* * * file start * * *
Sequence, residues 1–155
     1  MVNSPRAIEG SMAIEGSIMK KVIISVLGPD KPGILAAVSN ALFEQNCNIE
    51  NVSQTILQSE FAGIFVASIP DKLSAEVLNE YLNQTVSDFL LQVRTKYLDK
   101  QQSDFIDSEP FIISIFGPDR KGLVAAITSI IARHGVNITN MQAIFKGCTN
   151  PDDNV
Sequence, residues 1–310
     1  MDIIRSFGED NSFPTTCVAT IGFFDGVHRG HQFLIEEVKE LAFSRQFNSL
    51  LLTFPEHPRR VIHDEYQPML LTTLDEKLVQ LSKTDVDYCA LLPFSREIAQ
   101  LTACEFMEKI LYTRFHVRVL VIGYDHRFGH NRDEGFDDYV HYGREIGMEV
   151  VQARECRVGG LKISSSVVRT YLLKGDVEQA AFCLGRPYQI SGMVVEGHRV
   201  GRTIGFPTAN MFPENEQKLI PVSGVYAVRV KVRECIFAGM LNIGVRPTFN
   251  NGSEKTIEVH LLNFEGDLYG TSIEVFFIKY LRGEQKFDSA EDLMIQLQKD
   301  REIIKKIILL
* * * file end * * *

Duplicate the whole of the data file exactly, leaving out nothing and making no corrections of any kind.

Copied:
Sequence, residues 1–155
     1  MVNSPRAIEG SMAIEGSIMK KVIISVLGPD KPGILAAVSN ALFEQNCNIE
    51  NVSQTILQSE FAGIFVASIP DKLSAEVLNE YLNQTVSDFL LQVRTKYLDK
   101  QQSDFIDSEP FIISIFGPDR KGLVAAITSI IARHGVNITN MQAIFKGCTN
   151  PDDNV
Sequence, residues 1–310
     1  MDIIRSFGED NSFPTTCVAT IGFFDGVHRG HQFLIEEVKE LAFSRQFNSL
    51  LLTFPEHPRR VIHDEYQPML LTTLDEKLVQ LSKTDVDYCA LLPFSREIAQ
   101  LTACEFMEKI LYTRFHVRVL VIGYDHRFGH NRDEGFDDYV HYGREIGMEV
   151  VQARECRVGG LKISSSVVRT YLLKGDVEQA AFCLGRPYQI SGMVVEGHRV
   201  GRTIGFPTAN MFPENEQKLI PVSGVYAVRV KVRECIFAGM LNIGVRPTFN
   251  NGSEKTIEVH LLNFEGDLYG TSIEVFFIKY LRGEQKFDSA EDLMIQLQKD
   301  REIIKKIILL